Into the Depths of
in C. S. Lewis'
The Chronicles of Narnia
Page 1 Introduction
Page 2 Theological beliefs
Page 4 Liquor, Tobacco and
Page 5 Sun Worship
Page 6 Further Into the Depths of Satan
Page 7 Dionysus, Bacchus, Silenus and the
No one under 18 without parental permission, please.
Page 8 Witchcraft Practices
Page 9 Luciferianism and the Secret Doctrine
If you have not read the first part of this article, please go to
Page 1 Introduction.
C. S. Lewis' most famous books are perhaps the Chronicles of Narnia,
his occult, fantasy books for children. In them he went to great lengths
to glorify and promote many occult ideas. While some maintain that
the spiritual idea behind the fantasy is the truth of scripture, the cold
hard facts point in the completely opposite direction. He was introducing
children to witchcraft through esoteric (hidden meanings) writings. Let's
take a closer look.
First of all, it is necessary to get some background in order to see
where C. S. Lewis was headed with his "fantasy" stories. Lewis was
good friends with Charles Williams and J.R.R. Tolkien (author of the occultic
Lord of the Rings Trilogy). All three were part of a group of
writers called the
Of this group, one friend felt that Williams, and maybe Tolkien, were
the two that influenced Lewis' thinking the most. Williams, a professing
Christian, was espebliplly close to him and taught Lewis the "white witchcraft"
delusion of being able to take someone's pain for them and suffer it in one's
own body. They cast this "talent" in a Christian light, and Lewis later
claimed to have this ability and to have used it on behalf of his wife. (1)
Exodus 22:18 Thou shalt not suffer a
witch to live. Ephesians 4:27
Neither give place to the devil.
The writings of these three Inklings are so overt in mixing paganism with
alleged Christianity, that one reprobate has even suggested them as a shining
example for bringing neo-paganism and Christianity together "peacefully!"
Lewis and Williams also drank and smoked together (2) which is hardly
surprising considering how often drinking wine and strong drink is mentioned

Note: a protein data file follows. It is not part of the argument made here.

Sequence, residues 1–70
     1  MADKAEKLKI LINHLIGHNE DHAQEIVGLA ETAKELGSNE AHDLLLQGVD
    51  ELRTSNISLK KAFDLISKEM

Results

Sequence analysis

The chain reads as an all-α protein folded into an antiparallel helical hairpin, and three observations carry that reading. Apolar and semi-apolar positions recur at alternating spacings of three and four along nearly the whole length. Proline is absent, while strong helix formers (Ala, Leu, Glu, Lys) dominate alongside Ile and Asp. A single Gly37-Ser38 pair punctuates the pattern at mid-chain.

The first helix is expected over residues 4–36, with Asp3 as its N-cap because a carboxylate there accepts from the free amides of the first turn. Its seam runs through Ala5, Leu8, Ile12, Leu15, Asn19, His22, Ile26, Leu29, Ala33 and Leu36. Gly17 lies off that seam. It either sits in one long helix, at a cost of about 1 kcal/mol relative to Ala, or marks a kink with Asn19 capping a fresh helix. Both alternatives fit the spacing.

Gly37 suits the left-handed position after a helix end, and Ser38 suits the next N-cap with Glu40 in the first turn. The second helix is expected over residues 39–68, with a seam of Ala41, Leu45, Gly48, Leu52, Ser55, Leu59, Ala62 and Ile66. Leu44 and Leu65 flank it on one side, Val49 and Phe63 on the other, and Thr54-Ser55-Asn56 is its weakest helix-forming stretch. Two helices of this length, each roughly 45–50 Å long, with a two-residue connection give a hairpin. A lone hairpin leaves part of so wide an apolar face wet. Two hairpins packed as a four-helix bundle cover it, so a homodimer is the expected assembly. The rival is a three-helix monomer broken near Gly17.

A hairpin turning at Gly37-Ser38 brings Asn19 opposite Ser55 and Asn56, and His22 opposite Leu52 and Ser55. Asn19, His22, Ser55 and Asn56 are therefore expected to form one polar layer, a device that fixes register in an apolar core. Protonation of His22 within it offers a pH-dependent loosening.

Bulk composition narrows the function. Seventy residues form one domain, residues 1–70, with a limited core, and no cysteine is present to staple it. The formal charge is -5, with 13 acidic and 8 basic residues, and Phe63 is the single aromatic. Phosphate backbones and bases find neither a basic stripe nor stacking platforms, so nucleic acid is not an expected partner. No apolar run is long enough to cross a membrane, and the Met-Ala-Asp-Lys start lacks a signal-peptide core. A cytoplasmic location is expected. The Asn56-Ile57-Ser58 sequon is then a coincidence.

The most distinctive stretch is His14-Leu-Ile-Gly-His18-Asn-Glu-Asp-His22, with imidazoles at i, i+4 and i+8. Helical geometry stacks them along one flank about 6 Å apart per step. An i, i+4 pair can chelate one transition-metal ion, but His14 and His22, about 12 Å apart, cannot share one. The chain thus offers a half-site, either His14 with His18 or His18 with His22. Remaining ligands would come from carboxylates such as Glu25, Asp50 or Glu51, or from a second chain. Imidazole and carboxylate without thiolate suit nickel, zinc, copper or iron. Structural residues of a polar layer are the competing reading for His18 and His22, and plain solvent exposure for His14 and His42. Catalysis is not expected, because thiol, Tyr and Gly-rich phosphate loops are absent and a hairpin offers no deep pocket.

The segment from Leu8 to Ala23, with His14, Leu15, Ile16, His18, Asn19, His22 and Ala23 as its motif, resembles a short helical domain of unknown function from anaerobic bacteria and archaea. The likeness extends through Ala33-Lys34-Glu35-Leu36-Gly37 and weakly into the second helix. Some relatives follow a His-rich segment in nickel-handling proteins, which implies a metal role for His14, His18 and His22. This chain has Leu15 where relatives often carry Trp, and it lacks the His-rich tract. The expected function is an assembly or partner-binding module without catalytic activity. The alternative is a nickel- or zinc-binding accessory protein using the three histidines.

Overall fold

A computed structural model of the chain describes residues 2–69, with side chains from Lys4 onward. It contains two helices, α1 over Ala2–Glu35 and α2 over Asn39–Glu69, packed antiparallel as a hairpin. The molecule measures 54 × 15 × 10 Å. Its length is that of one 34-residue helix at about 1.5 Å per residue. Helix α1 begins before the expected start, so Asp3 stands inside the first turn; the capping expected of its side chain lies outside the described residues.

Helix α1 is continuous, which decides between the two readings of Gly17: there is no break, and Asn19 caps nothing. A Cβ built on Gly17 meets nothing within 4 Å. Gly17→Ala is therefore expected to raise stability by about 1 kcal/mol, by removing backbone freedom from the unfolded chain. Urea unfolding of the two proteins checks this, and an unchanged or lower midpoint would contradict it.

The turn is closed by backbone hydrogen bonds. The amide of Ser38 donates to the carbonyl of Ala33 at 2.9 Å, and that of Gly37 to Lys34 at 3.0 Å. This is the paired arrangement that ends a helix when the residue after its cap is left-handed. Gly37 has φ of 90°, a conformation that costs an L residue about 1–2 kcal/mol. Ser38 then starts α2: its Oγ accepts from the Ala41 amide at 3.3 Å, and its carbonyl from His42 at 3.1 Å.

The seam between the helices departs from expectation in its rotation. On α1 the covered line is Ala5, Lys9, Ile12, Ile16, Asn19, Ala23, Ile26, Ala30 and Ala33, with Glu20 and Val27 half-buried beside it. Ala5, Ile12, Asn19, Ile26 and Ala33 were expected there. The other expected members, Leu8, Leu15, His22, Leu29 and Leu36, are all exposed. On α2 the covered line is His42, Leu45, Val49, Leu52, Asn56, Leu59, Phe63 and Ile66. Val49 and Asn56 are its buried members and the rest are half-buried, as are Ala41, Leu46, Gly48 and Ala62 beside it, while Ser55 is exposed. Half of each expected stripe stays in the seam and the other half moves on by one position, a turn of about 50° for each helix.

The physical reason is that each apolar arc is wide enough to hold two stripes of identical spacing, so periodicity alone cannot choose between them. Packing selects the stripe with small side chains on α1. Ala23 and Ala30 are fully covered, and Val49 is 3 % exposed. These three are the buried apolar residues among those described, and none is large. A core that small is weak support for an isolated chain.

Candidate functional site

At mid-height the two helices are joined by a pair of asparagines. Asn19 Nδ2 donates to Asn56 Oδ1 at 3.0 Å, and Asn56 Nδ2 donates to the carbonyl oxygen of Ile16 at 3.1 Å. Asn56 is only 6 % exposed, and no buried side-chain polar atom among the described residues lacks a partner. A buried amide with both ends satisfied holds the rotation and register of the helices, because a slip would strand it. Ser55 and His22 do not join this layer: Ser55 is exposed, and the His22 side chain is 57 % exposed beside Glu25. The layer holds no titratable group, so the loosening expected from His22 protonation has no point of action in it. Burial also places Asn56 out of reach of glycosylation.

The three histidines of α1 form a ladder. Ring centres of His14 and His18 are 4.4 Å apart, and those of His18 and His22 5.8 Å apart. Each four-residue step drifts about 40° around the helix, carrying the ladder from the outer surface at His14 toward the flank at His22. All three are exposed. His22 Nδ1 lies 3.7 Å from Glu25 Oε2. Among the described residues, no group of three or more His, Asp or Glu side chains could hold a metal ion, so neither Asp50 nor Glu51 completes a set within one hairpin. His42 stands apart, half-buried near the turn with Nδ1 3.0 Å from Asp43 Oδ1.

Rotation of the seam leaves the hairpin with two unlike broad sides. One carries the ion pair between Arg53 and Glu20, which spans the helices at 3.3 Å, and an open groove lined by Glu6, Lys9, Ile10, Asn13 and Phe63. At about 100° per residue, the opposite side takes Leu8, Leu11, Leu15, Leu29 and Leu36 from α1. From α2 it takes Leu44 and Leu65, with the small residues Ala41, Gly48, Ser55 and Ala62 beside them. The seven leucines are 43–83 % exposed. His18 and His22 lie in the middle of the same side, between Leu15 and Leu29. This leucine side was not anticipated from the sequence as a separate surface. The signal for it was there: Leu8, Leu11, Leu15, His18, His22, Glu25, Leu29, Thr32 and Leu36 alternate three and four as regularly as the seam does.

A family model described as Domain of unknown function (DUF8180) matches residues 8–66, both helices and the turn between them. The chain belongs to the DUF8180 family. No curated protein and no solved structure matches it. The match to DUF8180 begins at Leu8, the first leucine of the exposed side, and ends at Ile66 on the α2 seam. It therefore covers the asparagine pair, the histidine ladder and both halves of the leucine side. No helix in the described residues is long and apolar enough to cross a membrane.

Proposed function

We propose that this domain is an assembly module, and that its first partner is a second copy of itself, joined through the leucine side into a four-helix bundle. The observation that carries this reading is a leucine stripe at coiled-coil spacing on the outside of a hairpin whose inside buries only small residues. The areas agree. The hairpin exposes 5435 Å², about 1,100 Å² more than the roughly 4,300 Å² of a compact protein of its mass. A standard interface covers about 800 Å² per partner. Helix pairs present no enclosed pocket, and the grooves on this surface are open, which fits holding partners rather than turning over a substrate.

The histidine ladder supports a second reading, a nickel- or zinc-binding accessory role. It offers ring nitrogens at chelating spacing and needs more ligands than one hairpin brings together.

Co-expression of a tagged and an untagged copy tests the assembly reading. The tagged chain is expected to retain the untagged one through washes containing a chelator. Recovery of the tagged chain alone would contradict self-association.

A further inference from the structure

in Lewis' "children's" books! Proverbs
20:1 Wine is a mocker, strong drink is raging: and whosoever
is deceived thereby is not wise. (Photo: One of
Lewis' favorite pubs, "The Eagle and Child," familiarly known as "The Bird
Charles Williams was also a member of the highly devilsh, Qabalistic
"Order of the Golden Dawn," and was an active member for several years.
(The "Order of the Golden Dawn" was primarily made up of mystical "christians"
and former followers of Madame Blavatsky that still adhered to Luciferianism.)
A number of his works reflect this. "Shadows of Ecstasy pulsates
with the Hermetic dictum, 'as above, so below.' piano covers in Heaven concerns
the Grail, Many Dimensions the Philosopher's Stone, and The
Place of the Lion the Platonic archetypes. We are confronted with
the Tarot deck in The Greater Trumps, necromancey in All Hallow's
Eve, and ghosts, witchcraft, and damnation in Descent into Hell."
(3) We are piano coversned in scripture that the friends we choose
can influence us to evil, yet Lewis chose this blatantly ungodly man for
his close friend. Proverbs 22:24 Make no
friendship with an angry man; and with a furious man thou shalt not go:
25 Lest thou learn his ways, and get a snare to thy soul. Lewis
not only got a snare to his own soul, he has tried to pass it on to children!
Lewis and Williams are said to have helped to keep the Luciferian concept
of the Holy Grail alive. "The symbol of the Grail as a mysterious object
of search and as the source of the ultimate mystical, or even physical,
experience has persisted into the present century in the novels of Charles
Williams, C.S. Lewis..."(4) Lewis and his two writer buddies,
Williams and J.R.R Tolkien, of the infamous Inklings, appear to be
strongly connected with the Priory of Sion mystery of Rennes-le-Chateau;
otherwise know as the so-called "holy bloodline" or "Merovingian" mystery
which claims that Jesus Christ and Mary Magdalene were wed, had children
and that their descendants became the rightful royalty of Europe, particularly